Assumptions are made by government and technology providers about the power relationships that shape the use of technological security controls and the norms under which technology usage occurs. We present a case study carried out in the North East of England that examined how a community might work together using a digital information sharing platform to respond to the pressures of welfare policy change. We describe an inductive consideration of this highly local case study before reviewing it in the light of broader security theory. By taking this approach we problematise the tendency of the state to focus on the security of technology at the expense of the security of the citizen. From insights gained from the case study and the subsequent literature review, we conclude that there are three main absences not addressed by the current designs of cybersecurity architectures. These are absences of: consensus as to whose security is being addressed, evidence of equivalence between the mechanisms that control behaviour, and two-way legibility. We argue that by addressing these absences the foundations of trust and collaboration can be built which are necessary for effective cybersecurity. Our consideration of the case study within the context of sovereignty indicates that the design of the cybersecurity architecture and its concomitant service design has a significant bearing on the social contract between citizen and state. By taking this novel perspective new directions emerge for the understanding of the effectiveness of cybersecurity technologies.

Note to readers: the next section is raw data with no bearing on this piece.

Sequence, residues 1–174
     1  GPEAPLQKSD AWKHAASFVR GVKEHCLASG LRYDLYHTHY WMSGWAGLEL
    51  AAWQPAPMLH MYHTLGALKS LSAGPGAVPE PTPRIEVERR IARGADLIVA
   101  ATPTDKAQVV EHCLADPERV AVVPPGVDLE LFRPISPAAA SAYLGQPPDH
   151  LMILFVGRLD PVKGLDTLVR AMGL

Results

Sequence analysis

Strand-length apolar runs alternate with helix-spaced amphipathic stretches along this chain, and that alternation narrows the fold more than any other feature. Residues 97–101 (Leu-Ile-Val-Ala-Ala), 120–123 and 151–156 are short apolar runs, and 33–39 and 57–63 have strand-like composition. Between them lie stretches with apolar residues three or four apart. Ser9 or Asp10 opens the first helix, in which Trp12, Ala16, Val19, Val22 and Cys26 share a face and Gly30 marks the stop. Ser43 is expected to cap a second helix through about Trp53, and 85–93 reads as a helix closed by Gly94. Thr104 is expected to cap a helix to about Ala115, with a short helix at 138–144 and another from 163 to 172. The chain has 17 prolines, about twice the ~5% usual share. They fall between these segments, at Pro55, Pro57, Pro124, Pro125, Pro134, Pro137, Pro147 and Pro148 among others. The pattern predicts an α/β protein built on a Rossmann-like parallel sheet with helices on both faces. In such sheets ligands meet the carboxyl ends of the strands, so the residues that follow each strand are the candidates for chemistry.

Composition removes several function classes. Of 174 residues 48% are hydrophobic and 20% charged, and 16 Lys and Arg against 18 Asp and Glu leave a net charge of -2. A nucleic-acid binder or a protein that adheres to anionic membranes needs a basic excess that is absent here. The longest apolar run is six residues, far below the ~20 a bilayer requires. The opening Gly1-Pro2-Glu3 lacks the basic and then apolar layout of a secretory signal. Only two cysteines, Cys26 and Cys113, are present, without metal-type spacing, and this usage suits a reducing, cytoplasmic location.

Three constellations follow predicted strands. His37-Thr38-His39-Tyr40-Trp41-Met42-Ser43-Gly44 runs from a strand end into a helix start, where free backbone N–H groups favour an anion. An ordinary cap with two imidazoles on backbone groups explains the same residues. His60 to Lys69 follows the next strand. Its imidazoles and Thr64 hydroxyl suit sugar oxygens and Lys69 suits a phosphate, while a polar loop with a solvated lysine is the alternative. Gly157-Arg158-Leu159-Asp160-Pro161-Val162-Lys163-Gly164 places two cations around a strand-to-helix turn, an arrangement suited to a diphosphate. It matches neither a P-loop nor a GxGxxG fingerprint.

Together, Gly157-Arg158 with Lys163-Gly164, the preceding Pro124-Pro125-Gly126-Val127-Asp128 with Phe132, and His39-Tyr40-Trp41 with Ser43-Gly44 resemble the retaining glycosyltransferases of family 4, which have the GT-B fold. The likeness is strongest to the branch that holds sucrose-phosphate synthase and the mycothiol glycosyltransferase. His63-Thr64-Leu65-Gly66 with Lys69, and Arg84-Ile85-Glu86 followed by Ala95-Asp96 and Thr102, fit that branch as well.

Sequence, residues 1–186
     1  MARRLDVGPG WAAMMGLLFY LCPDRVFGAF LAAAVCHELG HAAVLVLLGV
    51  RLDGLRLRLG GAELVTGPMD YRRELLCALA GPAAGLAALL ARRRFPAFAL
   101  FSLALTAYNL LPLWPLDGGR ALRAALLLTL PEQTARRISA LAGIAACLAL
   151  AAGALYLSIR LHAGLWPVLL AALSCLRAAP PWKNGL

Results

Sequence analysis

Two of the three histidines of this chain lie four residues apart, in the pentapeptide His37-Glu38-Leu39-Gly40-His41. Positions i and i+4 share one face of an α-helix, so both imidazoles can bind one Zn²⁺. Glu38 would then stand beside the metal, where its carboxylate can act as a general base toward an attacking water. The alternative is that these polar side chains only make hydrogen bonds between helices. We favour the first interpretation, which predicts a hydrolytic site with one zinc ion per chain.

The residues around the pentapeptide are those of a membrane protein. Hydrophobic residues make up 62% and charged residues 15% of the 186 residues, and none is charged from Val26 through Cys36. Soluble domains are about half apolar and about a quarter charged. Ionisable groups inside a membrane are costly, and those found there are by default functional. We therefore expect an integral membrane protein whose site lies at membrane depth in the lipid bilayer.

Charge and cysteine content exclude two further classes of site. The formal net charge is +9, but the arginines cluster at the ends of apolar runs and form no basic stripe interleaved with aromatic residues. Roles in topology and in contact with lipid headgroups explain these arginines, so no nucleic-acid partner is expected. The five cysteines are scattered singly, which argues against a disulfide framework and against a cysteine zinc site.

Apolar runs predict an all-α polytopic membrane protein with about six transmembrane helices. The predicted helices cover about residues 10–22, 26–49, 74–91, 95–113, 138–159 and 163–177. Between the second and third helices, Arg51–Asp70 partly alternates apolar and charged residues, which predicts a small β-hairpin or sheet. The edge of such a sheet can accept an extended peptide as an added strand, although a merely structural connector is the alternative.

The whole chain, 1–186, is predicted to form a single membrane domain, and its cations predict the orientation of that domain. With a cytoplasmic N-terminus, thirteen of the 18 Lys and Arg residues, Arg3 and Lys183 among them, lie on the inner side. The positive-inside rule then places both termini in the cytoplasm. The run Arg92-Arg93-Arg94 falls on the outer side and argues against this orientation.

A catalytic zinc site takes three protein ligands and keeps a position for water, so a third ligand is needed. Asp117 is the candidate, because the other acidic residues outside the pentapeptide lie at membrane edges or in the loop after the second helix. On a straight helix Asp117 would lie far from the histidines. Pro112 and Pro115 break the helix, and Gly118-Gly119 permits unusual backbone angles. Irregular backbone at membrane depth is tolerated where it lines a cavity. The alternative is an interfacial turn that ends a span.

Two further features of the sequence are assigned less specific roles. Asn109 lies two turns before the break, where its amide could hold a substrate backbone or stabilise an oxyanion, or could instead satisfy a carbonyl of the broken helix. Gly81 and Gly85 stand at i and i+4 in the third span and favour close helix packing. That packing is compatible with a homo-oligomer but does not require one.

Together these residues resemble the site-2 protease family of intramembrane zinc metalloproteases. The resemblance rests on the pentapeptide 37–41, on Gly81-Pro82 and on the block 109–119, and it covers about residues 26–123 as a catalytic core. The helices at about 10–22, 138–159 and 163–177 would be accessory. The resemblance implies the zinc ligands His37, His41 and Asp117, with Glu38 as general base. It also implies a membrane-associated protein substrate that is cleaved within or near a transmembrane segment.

- social contract